We all know that trusted partnerships in Asia take a long time to develop. I have had first-hand experience of this on multiple occasions. There is one particular relationship that I am most proud of which I would like to share with you.

For just over ten years, I was the Managing Director of a plastics company operating in Melbourne, Australia. We manufactured and distributed a large range of extruded plastic meshes and underground pipe marker tapes. It was a foreign-owned business with the headquarters in the United Kingdom and large operations in Germany and the United States. My responsibility was primarily the Australian market but we also looked after the Asia Pacific region.

We needed to find a very strong partner to supply us with plastic mesh products. China was the best choice since I knew they produced the type of products we needed in the right quality for the Australian and New Zealand markets. I worked with my Chinese based colleague, Nancy, to find the right partners to supply us. Nancy developed relationships with our Chinese customers and suppliers assisting me with our business dealings and language interpretations.

We started the process of researching who would be the best partner to manufacture the plastic mesh we needed. This included talking to contacts in other western countries who were more familiar in dealing with the Chinese in these kinds of situations. After developing the short list of companies I thought could do the job because of the referrals as well as the type of production equipment and facilities they had. We then made contact with these suppliers. They provided us with details of their company profile, product range, samples, pricing and export commercial arrangements.

We were able to whittle the list down to two companies that we thought would make good supply partners. Yes, technically they were suppliers, but I call them a partner because they are a very important part of my business. I then flew to China so Nancy could meet with both suppliers. One of those suppliers was a company based just outside Shanghai. The company was owned by a gentlemen called Mr. Teng.

How did we end up choosing Mr. Teng and his company to be our partner? First impressions were very important. Mr. Teng encouraged me to visit his business and see his operations for four days. I went out socially with him and his people. We saw every part of the factory and were shown exactly what his equipment could do. This generated many questions in my mind that Mr. Teng openly answered without hesitation.

One of the most important factors was that Mr. Teng was formally the production manager before he purchased the company. He was very knowledgeable about the capability of his equipment and was very skilled at designing products.  I saw evidence of that first hand during my visits. He would have samples made that were to our specification and if they needed any tweaking, he could disappear to the factory floor and within an hour, he came back with new samples for me to inspect and approve. Nancy and I were very impressed.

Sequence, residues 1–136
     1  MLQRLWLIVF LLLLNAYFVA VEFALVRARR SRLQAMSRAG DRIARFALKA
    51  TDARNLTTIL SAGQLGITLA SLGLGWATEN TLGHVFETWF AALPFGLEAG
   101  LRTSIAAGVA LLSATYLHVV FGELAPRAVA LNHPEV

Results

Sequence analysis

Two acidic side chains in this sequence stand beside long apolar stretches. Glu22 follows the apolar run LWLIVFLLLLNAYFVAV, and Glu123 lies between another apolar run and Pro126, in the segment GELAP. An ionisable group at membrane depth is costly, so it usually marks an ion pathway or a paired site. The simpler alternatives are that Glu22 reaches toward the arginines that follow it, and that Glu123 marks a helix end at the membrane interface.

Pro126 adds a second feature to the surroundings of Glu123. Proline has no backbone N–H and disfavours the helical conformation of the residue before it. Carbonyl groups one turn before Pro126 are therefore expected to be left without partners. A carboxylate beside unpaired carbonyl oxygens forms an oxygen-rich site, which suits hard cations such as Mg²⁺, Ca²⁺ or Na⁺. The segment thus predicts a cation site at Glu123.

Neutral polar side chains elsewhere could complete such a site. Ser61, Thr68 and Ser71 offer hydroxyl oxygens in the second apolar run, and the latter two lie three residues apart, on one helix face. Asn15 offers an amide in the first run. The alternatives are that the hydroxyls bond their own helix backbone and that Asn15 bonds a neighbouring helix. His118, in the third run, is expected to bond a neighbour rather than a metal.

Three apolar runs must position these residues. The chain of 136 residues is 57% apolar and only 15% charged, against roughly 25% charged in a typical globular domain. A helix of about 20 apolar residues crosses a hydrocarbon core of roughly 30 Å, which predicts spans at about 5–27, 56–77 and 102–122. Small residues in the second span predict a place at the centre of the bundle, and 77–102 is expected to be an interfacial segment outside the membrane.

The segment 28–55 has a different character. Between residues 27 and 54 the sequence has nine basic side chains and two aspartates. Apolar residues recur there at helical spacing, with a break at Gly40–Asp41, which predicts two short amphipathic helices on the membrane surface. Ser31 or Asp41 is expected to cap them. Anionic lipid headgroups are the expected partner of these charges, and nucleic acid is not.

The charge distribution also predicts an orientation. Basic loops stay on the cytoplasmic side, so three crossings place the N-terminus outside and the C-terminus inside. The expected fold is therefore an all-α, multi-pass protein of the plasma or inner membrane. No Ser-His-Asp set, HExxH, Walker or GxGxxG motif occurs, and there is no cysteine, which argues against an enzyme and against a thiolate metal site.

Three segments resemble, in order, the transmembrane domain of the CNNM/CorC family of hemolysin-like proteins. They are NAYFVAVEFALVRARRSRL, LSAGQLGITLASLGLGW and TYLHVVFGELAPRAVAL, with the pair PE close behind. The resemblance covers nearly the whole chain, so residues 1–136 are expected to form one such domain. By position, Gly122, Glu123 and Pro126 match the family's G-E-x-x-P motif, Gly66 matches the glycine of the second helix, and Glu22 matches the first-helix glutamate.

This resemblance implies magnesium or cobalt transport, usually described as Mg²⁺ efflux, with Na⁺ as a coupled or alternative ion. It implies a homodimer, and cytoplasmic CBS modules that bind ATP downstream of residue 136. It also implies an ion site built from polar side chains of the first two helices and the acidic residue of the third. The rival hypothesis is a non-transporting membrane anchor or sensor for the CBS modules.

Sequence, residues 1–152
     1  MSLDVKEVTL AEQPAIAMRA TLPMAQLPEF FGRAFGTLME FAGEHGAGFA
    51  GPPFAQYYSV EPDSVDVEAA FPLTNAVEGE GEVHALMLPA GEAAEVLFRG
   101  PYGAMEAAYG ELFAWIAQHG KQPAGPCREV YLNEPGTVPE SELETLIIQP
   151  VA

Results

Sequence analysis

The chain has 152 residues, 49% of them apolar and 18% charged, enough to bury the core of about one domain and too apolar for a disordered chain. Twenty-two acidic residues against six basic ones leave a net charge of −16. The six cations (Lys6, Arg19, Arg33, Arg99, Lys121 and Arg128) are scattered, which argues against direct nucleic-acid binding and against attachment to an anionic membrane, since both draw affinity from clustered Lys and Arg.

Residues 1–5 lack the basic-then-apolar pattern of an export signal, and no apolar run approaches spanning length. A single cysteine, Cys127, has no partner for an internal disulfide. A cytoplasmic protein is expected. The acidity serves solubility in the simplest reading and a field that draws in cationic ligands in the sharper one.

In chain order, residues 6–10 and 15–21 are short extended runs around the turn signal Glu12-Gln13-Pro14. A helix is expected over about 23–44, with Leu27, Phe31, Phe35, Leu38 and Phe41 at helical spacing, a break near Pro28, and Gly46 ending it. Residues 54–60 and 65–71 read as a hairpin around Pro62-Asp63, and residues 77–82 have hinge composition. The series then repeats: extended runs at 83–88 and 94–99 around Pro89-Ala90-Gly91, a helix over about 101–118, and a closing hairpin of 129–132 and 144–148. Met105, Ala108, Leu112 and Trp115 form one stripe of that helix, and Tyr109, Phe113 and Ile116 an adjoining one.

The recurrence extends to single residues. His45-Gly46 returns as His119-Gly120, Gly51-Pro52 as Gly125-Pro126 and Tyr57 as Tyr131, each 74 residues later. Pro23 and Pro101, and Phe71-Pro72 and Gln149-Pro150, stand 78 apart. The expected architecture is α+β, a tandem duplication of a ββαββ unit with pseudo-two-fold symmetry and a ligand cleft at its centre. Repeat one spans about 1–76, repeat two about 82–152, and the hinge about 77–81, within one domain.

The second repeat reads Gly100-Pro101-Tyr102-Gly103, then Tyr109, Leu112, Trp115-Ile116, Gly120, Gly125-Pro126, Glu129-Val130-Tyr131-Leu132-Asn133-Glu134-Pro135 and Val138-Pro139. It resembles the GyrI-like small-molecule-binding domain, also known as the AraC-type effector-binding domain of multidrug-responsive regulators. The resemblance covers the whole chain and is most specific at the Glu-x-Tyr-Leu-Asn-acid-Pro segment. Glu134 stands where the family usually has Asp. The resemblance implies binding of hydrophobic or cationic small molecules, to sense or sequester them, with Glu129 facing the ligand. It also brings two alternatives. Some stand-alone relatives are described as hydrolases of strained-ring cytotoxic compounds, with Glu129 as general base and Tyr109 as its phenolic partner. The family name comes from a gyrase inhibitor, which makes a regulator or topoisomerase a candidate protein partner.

We also found out what his relationships were with supplying other companies around the world. Mr. Teng had dealt with another company in Australia and was upfront with me discussing the details of this relationship. I appreciated his honesty and ultimately we worked out a way he could adjust this relationship so it had no impact on our business in Australia.

Mr. Teng then agreed to provide us with exclusivity in Australia for the products that we needed him to supply us. A win: win situation for both of us and it proved to be an important stepping stone for the strengthening of our relationship.

It also struck me that Mr. Teng had such an attention to detail and knew what western quality is. The equipment he used to manufacture the product was not Chinese equipment; it was the same brand and type of equipment that our UK division used. Mr. Teng had bought the rights to the European-brand equipment because he knew he needed the quality to supply export markets.

So I am going down that list in my head, ticking off the boxes as I went along. I personally liked Mr. Teng and began to trust him. He was very open to commercial relationships and was flexible around our needs.  During Nancy and my third visit to see Mr. Teng we invited him to become our plastic mesh supplier and begin business. He was very happy to accept and so begun a relationship that became very important to both our companies.

We had a business relationship that lasted for 10 years while I was in charge of the business in Australia. I am proud to say that following my introduction that our UK parent company also formed a partnership with Mr. Teng that continues to this day. Despite not working with the business now I still have a relationship with Mr. Teng 15 years later. Last year he came to Australia and we enjoyed each other companies for a few days. We have become firm friends.

The main take outs from this case study in selecting an Asian partner are –

  1. My Chinese colleague Nancy played a key role in the process.
  2. We did not rush in selecting a partner.
  3. We did our due diligence.
  4. We spent time nurturing the relationship before committing fully.
  5. It was a step by step process.

But most importantly we were able to develop a fruitful relationship which was a win: win for both Mr. Teng and I.

As an added bonus we also became good friends which is the ultimate outcome of a trusted partnership in Asia.